Only eight per cent of new-Canadian teachers certified in 2004 report that they have been unable to find any type of teaching job. However, of those who have obtained jobs, a mere 20 per cent have regular teaching positions – less than half the success rate of Ontarians or teachers from other provinces.
Thirty-one per cent of teachers who immigrated to Ontario from abroad are employed as daily occasional teachers – a rate much higher than for Ontarians and teachers from other provinces. Thirty-seven per cent of new-Canadian teachers report that they have been underemployed since becoming Ontario certified teachers.
Although Ontarians who study abroad and return to the province to teach have significantly more success in finding regular rather than daily occasional teaching jobs, they report a similarly high level of underemployment (40 per cent) in their first year.
Well established by fourth year
With each year of teaching experience, more recent Ontario teacher-education graduates are settled in regular teaching jobs, fewer resort to daily or long-term occasional contracts and fewer still consider themselves underemployed.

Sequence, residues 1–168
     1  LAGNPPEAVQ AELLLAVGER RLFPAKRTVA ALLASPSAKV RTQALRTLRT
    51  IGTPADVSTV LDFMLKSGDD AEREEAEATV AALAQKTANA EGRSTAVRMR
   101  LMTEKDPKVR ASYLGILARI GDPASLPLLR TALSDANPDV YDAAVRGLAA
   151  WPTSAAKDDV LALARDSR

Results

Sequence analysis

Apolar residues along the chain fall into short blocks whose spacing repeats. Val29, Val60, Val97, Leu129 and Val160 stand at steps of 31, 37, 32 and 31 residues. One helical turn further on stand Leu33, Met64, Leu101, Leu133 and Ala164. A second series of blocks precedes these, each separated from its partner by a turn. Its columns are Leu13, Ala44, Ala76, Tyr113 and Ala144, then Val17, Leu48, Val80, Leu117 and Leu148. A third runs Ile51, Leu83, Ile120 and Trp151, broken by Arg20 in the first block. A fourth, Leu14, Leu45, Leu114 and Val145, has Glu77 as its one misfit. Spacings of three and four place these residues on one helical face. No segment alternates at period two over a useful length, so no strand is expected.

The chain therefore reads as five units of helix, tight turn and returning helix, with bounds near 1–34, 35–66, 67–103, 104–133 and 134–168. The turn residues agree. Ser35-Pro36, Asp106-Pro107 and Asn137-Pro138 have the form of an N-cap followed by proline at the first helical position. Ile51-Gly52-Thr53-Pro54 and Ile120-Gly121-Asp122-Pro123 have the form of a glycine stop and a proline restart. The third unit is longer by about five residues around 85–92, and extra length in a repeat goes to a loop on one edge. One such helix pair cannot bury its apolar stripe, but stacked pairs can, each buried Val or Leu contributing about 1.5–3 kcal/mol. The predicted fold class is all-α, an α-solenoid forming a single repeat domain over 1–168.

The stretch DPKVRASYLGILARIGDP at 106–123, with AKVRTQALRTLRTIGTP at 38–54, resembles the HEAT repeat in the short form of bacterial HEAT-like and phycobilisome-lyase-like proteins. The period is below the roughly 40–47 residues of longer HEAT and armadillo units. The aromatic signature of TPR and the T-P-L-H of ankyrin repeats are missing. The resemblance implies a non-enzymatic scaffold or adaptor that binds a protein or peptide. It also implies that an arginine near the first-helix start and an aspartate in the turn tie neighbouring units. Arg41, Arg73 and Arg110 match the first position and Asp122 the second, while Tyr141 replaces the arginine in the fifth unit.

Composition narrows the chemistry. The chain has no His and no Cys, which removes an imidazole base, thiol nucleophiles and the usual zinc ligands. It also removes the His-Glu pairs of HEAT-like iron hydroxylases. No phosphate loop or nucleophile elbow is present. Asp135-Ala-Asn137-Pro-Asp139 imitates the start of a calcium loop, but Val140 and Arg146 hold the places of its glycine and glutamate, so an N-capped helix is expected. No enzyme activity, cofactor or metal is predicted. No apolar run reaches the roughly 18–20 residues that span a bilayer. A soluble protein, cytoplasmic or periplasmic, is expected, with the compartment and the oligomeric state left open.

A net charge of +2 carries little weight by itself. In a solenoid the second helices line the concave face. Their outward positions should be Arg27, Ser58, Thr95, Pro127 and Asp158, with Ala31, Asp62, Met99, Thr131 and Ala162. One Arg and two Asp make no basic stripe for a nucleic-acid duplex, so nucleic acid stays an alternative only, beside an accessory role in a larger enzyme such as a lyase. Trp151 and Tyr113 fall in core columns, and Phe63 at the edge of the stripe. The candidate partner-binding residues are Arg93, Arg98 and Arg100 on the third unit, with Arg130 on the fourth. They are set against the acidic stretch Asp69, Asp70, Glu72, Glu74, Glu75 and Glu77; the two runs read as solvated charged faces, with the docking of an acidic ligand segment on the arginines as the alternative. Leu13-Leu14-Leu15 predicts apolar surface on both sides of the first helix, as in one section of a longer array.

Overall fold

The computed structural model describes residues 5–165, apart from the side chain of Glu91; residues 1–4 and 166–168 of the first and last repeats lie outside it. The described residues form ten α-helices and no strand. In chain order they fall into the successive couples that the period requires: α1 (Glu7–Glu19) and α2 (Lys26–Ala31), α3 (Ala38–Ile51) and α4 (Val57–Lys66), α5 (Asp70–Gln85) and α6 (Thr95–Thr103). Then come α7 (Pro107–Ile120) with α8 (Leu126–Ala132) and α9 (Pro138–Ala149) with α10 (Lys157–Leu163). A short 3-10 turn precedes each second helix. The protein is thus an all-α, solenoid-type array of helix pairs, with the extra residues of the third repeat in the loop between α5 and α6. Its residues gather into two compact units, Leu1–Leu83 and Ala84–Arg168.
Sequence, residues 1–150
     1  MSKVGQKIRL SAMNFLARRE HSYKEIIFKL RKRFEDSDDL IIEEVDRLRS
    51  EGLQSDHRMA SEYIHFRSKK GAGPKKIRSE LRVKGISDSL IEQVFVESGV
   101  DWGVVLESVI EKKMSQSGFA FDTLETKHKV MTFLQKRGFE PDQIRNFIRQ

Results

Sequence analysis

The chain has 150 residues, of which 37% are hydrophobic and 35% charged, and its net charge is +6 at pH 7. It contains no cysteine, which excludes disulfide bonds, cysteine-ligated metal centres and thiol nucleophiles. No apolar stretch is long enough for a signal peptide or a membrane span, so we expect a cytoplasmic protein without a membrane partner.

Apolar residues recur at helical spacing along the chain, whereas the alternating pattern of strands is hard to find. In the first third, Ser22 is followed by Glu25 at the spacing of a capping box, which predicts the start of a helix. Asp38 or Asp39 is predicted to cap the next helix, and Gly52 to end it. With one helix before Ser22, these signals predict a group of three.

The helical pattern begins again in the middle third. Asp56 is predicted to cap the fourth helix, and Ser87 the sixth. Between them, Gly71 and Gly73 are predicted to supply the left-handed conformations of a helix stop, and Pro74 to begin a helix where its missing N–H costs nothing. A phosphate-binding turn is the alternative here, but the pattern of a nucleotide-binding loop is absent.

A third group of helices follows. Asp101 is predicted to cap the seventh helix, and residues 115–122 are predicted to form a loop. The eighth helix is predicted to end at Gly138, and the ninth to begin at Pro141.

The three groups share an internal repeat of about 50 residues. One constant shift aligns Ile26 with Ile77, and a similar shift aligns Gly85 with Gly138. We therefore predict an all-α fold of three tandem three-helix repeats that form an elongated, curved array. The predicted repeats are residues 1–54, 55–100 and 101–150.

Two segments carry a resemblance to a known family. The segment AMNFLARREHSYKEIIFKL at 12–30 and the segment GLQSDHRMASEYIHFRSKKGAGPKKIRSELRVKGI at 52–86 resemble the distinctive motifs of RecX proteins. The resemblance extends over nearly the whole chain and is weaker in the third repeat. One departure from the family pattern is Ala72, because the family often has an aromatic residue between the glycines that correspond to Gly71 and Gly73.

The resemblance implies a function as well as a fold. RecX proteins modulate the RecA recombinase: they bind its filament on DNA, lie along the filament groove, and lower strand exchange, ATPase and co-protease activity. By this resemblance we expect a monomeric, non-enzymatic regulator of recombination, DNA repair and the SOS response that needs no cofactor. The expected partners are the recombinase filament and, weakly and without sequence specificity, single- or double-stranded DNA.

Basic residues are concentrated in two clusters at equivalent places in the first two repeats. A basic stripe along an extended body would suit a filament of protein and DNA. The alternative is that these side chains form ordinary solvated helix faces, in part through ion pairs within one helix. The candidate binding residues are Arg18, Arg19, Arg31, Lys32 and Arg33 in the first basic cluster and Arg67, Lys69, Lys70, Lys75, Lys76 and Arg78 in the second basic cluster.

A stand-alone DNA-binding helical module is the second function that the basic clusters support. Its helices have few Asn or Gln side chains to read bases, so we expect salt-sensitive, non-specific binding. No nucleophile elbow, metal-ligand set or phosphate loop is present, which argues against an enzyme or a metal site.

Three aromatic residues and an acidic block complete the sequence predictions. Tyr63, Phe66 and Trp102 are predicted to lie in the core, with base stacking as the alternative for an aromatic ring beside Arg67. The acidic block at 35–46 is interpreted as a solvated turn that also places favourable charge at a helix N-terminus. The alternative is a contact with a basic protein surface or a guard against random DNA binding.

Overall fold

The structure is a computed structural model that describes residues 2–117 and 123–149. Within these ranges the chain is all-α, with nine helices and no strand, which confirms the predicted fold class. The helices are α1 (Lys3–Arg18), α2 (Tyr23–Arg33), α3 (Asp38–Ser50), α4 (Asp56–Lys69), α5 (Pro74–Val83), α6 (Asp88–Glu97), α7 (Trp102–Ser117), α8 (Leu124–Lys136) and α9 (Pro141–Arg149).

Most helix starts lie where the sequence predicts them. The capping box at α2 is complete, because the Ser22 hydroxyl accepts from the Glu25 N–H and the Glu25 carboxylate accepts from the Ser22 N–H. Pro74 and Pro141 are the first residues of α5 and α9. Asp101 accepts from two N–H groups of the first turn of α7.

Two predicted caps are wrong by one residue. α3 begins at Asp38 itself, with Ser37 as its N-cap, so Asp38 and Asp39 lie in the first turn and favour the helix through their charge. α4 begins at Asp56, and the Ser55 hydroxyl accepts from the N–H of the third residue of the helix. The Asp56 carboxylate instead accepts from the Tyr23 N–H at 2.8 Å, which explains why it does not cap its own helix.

This year, 91 per cent of 2001 graduates from Ontario faculties and US border colleges who are teaching report that they are in regular jobs. Less than six per cent report they are underemployed in their fourth year and under one per cent could not find a teaching job this year.
The 2002 graduates appear to be on the same job-success track, with 84 per cent of employed teachers in regular positions and only three per cent reporting lack of success in finding a teaching job this year.
Ontario's new teachers have an exceptional rate of retention in the profession. Fewer than one in 12 graduates of Ontario's faculties of education left the teaching profession in the first four years following graduation. More than 91 per cent of 2001 graduates remain members of the College in 2005. Similarly low rates of loss appear to be emerging for the graduates of the subsequent three years.